Background A clinical-genetic function (Cardio inCode?) was generated using genetic variants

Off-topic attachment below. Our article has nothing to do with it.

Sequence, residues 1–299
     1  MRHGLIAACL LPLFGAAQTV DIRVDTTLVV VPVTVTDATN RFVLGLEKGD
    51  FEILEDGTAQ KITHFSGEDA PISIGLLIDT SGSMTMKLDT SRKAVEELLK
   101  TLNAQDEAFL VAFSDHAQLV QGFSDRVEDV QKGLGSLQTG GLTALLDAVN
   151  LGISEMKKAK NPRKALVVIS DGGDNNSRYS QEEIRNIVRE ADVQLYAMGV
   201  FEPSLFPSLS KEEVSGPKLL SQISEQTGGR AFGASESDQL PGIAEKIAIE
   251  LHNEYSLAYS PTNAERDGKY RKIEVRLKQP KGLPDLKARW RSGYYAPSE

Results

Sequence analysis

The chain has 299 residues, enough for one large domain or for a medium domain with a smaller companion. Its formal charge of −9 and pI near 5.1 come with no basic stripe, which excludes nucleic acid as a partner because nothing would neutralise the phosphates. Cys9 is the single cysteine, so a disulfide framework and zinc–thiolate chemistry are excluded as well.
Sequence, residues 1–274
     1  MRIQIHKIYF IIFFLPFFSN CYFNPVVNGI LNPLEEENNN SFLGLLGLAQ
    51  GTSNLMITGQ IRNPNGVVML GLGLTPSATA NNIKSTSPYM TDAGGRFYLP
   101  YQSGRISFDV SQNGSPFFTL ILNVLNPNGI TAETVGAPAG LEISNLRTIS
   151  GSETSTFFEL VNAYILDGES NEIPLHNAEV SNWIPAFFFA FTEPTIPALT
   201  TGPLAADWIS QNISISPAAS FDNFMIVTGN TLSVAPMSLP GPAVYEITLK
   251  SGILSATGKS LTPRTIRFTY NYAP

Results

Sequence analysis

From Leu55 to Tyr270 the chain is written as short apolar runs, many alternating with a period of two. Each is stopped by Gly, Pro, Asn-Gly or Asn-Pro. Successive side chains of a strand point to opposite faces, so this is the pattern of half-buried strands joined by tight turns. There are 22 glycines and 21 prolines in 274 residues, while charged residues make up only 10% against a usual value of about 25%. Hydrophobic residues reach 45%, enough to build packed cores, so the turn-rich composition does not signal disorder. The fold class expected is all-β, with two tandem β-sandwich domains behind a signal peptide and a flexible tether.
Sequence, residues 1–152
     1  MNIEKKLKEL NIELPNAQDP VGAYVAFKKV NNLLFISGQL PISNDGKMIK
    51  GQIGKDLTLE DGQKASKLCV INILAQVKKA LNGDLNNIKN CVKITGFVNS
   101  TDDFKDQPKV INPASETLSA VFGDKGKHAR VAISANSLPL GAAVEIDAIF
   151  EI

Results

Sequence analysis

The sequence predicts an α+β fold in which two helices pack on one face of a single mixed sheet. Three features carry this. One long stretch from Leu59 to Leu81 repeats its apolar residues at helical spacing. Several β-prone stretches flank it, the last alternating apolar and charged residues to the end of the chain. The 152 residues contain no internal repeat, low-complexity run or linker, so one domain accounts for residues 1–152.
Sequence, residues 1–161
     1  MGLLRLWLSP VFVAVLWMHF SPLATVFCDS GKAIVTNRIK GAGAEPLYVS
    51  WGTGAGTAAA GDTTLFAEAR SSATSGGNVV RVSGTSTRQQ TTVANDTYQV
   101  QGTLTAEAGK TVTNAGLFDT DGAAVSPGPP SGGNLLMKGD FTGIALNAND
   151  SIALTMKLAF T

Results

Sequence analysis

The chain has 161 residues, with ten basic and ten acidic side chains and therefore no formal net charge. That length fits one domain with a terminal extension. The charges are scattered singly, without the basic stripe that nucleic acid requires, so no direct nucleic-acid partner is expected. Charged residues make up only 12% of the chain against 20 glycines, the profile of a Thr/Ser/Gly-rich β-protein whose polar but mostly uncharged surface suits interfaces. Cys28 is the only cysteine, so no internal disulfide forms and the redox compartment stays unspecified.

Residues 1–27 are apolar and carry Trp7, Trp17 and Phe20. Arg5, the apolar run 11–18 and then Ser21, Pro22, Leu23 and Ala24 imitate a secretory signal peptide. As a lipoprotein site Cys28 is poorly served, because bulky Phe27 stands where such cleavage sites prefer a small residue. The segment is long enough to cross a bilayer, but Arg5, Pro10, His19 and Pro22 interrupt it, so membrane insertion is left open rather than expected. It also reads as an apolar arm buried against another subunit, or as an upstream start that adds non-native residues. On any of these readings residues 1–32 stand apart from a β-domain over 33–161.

Background A clinical-genetic function (Cardio inCode?) was generated using genetic variants associated with coronary heart disease (CHD) but not with classical CHD risk factors to achieve a Lamb2 more precise estimation of the CHD risk of individuals by incorporating genetics into risk equations [Framingham and REGICOR (Registre Gironí del Cor)]. obtained from a validation study conducted in cohorts of REGICOR (Spain) and Framingham (USA). It was assumed that patients classified as at moderate risk by the standard method were the best candidates to test the risk reclassification with Cardio inCode?. The utilities and costs (€; year 2011 values) of Markov states were obtained from the literature and Spanish sources. The analysis was performed from the perspective of the Spanish National Health System for a life expectancy of 82?years in Spain. An annual discount rate of 3.5?% for costs and benefits was applied. Results For a Cardio inCode? price of €400 the cost per QALY gained compared with the standard method [incremental cost-effectiveness ratio (ICER)] would be €12 969 and €21 385 in REGICOR and Framingham cohorts respectively. The threshold price of Cardio inCode? to reach the ICER threshold generally accepted in Spain (€30 0 would range between €668 and TMC353121 €836. The greatest benefit occurred in the subgroup of patients with moderate-high risk with a high-risk reclassification of 22.8?% and 12?% of patients and an ICER TMC353121 of €1 652 and €5 884 in the REGICOR and Framingham cohorts respectively. Sensitivity analyses confirmed the stability of the study results. Conclusions Cardio inCode? is a cost-effective risk score option in CHD risk assessment compared with the standard method. Key Points for Decision Makers ??Cardio inCode? is a clinical-genetic function for coronary heart disease (CHD) risk assessment. ??For a Cardio inCode? price of €400 in Spain the cost per QALY compared with the standard method would be €12 969 and €21 385 in REGICOR (Registre Gironí del Cor) and Framingham cohorts respectively. ??The greatest benefit in Spain occurred in the subgroup of patients with moderate-high CHD risk with a cost per QALY of €1 652 (REGICOR) and €5 884 (Framingham). Introduction Cardiovascular disease is the most common cause of death in Europe. Despite acquired knowledge the demonstrated efficacy of preventive and therapeutic measures as well as the availability of regional national and European guidelines and plans for the prevention of cardiovascular disease the mortality due to cardiovascular disease continues to be high in Europe [1-4]. Cardiovascular disease is responsible for 31?% of all deaths in Spain making it the main cause of death with coronary heart disease (CHD) being the most frequent [5 6 Since the publication of the first European Guidelines on Prevention of CHD in 1994  the assessment of CHD risk has been recommended as an essential screening tool in the management of patients in all guideline updates. The cardiovascular prevention approach of calculating the CHD risk has become an important criterion to establishing the intensity of preventive efforts . Global CHD risk better describes the overall risk profile and is preferred to the assessment of risk factors separately. In Spain the assessment of TMC353121 CHD risk is mainly performed using the original Framingham Risk TMC353121 Score  risk equations based on the Framingham Risk Score such as the REGICOR (Registre Gironí del Cor) Risk Score [10 11 or the SCORE (Systematic COronary Risk Evaluation) function re-calibrated for Spain . Although very useful for screening the current equations have a modest sensitivity and specificity . From a clinical perspective the low precision of risk function prediction is illustrated by the fact that 53.6?% of cardiovascular events in a population aged 35-74?years occur in individuals classified as moderate CHD risk [14-16]. CHD is a TMC353121 disease of complex etiology involving genetic and environmental factors as well as the interaction between them . It is estimated that genetic factors explain between 40 and 55?% of the variability in the population for the onset of CHD [13 14 Several genome-wide association studies have been conducted over the past few years that have consistently identified genetic variants associated with CHD [17-23]. Some of these genetic variants are in turn associated with some classic CHD risk factors although others are independent of the classical factors. The discovery of these genetic variants independently associated with CHD may enable the identification of new etiopathogenic mechanisms of the disease as well as new therapeutic targets. Furthermore these variants could be used as new biomarkers to improve the CHD risk prediction ability or the reclassification of individuals at moderate risk.